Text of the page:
Reference transactions can change, and they will in the e-book world. Until then, since consumers are used to the current $9.99 price, the standard rules of prospect theory will apply. That means price increases are likely to lead to dissatisfaction, particularly since its not clear that the costs of electronic book publishing are any different now than they were three years ago. Why? Because of how Amazon marketed the first e-books.

Amazon can’t go back and re-run history, but it can learn for the future. When selling a new, or little used, product, it’s better to offer two prices. The first price is the price you’d charge for the product if it were popular and profitable. For Amazon in 2007, this might mean the price it would like to charge consumers in a 2010 world where e-books are no longer so strange. The second price is the discount price. This strategy is similar to the kinds of introductory trial prices that cable companies offer, although without the explicit time frame to start and end them. When the company decides it can no longer keep subsidizing the product, it ends the discount. Plain and simple.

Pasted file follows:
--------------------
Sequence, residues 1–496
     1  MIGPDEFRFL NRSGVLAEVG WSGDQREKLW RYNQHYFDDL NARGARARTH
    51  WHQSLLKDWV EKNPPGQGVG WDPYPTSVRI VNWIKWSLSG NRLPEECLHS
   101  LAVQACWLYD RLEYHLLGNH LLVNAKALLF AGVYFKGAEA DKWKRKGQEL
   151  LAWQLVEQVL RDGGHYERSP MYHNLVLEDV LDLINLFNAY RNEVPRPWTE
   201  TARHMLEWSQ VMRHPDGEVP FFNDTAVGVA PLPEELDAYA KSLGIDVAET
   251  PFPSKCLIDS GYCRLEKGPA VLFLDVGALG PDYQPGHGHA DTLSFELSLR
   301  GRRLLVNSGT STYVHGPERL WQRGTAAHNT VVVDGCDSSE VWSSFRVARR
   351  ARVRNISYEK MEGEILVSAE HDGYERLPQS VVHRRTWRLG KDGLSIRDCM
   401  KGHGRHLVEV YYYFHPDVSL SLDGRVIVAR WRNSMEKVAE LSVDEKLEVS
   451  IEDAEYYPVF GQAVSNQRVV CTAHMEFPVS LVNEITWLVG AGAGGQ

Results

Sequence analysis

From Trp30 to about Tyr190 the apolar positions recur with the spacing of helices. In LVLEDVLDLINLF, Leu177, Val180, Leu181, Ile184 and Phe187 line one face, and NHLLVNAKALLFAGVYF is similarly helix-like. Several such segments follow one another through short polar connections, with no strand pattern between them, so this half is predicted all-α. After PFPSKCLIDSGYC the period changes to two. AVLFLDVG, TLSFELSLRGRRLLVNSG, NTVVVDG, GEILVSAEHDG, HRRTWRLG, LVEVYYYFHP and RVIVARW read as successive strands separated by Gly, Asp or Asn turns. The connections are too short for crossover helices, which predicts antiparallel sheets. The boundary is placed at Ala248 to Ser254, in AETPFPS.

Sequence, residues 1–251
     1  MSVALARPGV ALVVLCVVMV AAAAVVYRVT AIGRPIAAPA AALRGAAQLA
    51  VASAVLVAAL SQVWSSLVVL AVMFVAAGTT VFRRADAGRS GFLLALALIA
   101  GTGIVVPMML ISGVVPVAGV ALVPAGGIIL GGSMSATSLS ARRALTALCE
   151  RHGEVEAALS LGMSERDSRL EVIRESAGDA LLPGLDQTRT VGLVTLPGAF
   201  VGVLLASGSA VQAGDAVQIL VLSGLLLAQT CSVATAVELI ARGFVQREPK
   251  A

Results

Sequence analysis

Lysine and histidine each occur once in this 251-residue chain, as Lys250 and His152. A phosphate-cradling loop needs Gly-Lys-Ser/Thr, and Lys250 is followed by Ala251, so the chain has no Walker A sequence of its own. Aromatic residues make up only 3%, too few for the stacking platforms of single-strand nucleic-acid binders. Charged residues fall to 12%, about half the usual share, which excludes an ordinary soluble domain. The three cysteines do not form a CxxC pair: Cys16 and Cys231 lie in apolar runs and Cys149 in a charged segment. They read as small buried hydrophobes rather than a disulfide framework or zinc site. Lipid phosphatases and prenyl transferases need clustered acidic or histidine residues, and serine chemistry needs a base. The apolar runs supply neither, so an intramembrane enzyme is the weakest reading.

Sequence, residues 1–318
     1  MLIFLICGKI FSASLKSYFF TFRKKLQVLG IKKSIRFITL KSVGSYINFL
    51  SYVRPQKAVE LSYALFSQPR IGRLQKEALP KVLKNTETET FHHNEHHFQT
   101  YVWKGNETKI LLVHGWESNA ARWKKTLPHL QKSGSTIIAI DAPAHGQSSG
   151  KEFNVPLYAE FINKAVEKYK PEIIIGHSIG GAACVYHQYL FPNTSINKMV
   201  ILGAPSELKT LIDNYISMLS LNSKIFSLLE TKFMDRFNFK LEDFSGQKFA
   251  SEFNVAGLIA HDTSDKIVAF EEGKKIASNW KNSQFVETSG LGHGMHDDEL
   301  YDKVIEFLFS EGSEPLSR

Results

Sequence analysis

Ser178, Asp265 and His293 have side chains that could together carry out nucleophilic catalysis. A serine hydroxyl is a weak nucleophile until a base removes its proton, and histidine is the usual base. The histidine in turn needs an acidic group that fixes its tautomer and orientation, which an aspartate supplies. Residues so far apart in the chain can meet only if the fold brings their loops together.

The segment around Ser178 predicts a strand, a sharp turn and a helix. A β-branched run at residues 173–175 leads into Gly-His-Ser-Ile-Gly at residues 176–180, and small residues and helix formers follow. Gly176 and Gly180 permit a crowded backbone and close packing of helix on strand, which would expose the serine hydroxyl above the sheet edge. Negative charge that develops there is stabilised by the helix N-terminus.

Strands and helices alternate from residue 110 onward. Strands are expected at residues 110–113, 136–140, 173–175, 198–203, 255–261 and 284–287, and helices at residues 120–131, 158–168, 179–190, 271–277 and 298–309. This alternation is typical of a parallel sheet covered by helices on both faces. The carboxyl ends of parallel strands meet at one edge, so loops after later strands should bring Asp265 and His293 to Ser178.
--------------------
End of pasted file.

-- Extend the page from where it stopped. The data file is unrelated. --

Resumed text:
This isn’t what Amazon did, though. $9.99 wasn’t a special discount price. Amazon didn’t make a big deal that the standard retail e-book best-seller price was $16.99, and that it was offering a 40 percent discount. $9.99 was just…the retail price. Raising prices usually irks consumers. But as any good student of prospect theory knows, taking away discounts is much easier for consumers to swallow than raising prices — even though it’s effectively the same thing — because of loss aversion and some consumers’ understanding of the retail price as the reference price. This logic even applies for hot products. The original retail price acts as the reference point against which consumers judge the price increase. Since they already thought they were gaining something with the discounted price, it hurts a bit less when it’s taken away, compared with simply jacking up the discount price when it’s not framed as a discount.

It turns out that Amazon’s actions aren’t just affecting Amazon at the moment. They are a costly externality for Apple as it tries to figure out a pricing strategy for books on the iPad. Unlike Amazon, Apple is starting fresh, which means it can adopt the two price strategy on iBooks. It hasn’t so far, but there’s still time.

Addendum: Amazon did advertise its Kindle book prices relative to the hardcover list price. But that wasn’t a useful reference point since customers did not see the two products as identical.

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John List (of the University of Chicago) and Tanjim Hossain run an experiment in a high-tech Chinese factory where workers’ bonuses are framed as “gains” and “losses.” Both frames boost productivity, but the loss frame boosts it slightly more.